NARTH’s new peer-reviewed study is not new, is not peer-reviewed and is not a study – flaws even one of its authors admitted to Ex-Gay Watch.
A new report in this month’s edition of the peer-reviewed Journal of Human Sexuality finds that sexual orientation is not immutable and that psychological care for individuals with unwanted homosexual attractions is beneficial and poses no significant risk of harm.
This study is … a significant milestone when it comes to the scientific debate over the issue of homosexuality.
The report itself is even bolder, announcing that its results prove the following “singular conclusion”:
Homosexuality is not innate, immutable or without significant risk to medical, psychological, and relational health.
Exodus Vice President Randy Thomas was quick to champion the claims. Other conservatives, such as the ex-gay supportive Dr Warren Throckmorton, were not convinced. UK “post-gay” Peter Ould found it positively embarrassing.
And they are right to be embarrassed, for this supposedly new, peer-reviewed study is nothing of the sort.
First, it is far from new. By NARTH’s own admission, it is merely a survey of 100 years of literature.
That it is a survey means that, second, it is not a study. Jones-Yarhouse, for all its flaws, was a scientific study. NARTH’s paper, written by James Phelan, Neil Whitehead, and Philip Sutton, simply collates a century’s worth of material that (they think) supports the pro-reparative therapy position. It contains no new or original research whatsoever.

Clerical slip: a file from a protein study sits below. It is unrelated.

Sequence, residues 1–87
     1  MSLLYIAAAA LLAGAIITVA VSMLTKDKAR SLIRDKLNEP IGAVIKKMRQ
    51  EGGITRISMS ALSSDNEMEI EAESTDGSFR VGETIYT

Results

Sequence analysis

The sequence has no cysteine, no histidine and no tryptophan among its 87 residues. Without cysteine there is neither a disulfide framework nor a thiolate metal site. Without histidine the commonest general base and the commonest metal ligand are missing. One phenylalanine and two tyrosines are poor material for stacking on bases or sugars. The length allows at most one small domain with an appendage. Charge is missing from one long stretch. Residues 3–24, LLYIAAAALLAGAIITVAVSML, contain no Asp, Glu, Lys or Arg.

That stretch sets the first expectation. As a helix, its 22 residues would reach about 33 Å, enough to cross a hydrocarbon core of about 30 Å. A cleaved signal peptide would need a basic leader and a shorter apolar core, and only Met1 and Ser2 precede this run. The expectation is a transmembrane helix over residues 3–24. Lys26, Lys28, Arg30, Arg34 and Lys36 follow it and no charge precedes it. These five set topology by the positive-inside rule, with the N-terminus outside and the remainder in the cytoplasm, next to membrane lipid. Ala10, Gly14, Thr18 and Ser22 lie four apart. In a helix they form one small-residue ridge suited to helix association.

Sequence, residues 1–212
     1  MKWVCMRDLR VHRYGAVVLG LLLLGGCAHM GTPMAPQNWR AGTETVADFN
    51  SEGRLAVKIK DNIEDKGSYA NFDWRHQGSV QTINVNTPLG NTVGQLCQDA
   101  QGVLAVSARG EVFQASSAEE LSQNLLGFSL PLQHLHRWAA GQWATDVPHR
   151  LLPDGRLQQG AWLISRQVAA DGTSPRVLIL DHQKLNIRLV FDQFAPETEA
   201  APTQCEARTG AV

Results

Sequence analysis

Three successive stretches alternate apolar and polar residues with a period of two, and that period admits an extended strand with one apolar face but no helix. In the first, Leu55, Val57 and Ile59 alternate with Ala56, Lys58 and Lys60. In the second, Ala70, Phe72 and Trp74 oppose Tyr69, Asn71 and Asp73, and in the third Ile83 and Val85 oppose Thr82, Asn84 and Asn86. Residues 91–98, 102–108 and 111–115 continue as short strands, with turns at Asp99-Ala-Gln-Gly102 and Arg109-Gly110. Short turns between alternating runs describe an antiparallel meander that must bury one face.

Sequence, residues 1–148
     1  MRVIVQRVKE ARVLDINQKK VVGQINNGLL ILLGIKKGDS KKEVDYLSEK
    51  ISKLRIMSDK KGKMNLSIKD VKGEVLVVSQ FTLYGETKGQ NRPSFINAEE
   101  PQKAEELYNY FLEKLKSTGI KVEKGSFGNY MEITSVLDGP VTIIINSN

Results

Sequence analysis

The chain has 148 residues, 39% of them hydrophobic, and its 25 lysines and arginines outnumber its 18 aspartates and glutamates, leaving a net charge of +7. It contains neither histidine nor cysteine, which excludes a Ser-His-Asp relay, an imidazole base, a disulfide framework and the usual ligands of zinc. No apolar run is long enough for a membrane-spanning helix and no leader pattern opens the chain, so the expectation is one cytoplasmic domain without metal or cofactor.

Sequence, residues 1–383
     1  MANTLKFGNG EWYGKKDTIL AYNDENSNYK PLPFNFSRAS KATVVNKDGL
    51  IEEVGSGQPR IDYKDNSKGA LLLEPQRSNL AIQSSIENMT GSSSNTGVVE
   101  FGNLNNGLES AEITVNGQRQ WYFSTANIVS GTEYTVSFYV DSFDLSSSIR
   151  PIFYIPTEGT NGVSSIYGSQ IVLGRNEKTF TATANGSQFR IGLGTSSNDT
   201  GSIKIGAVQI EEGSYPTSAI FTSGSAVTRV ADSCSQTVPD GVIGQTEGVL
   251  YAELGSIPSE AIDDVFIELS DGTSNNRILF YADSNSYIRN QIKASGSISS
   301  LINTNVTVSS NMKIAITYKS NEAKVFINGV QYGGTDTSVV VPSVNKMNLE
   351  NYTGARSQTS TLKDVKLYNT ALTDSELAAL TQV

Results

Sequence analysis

Jim Phelan confirmed both of these things directly when XGW spoke to him last year. Phelan said clearly the report was “a literature review – no new science [italics ours]. The data is presented more comprehensively than before.”
Third, that it is peer-reviewed is a sadly risible claim. It appears in Volume I of the Journal of Human Sexuality, a publication produced by NARTH. In other words, NARTH has reviewed its own paper for inclusion in a volume that appears to have been created specifically as a vehicle for NARTH’s views. The “peer review” therefore means next to nothing. In theory, I could rehash a few bits of other people’s work, get my XGW chums to look it over, and then publish it in a new magazine I’ve called the Journal of Ex-Gay Studies and claim it as a peer-reviewed milestone study. The problem is glaring.
Again, on this point, Phelan told XGW that the paper was “to be reviewed by members,” confirming that the peer review was nothing more than an internal review by like-minded NARTH members.
These are three massive obstacles even before we reach the content of the paper itself – of which we at XGW look forward to hearing more in Dr Throckmorton’s promised analysis.
The publication, titled What Research Shows: NARTH’s Response to the American Psychological Associations Claims on Homosexuality, is a clear sign (again, an impression we also gained from Phelan) that NARTH is getting nervous as the APA prepares to revise its position on reparative therapy. This dishonest regurgitation of old material in the guise of new research is a grasping at straws that tells us less about human sexuality and more about the desperation of NARTH and its allies in the ex-gay movement.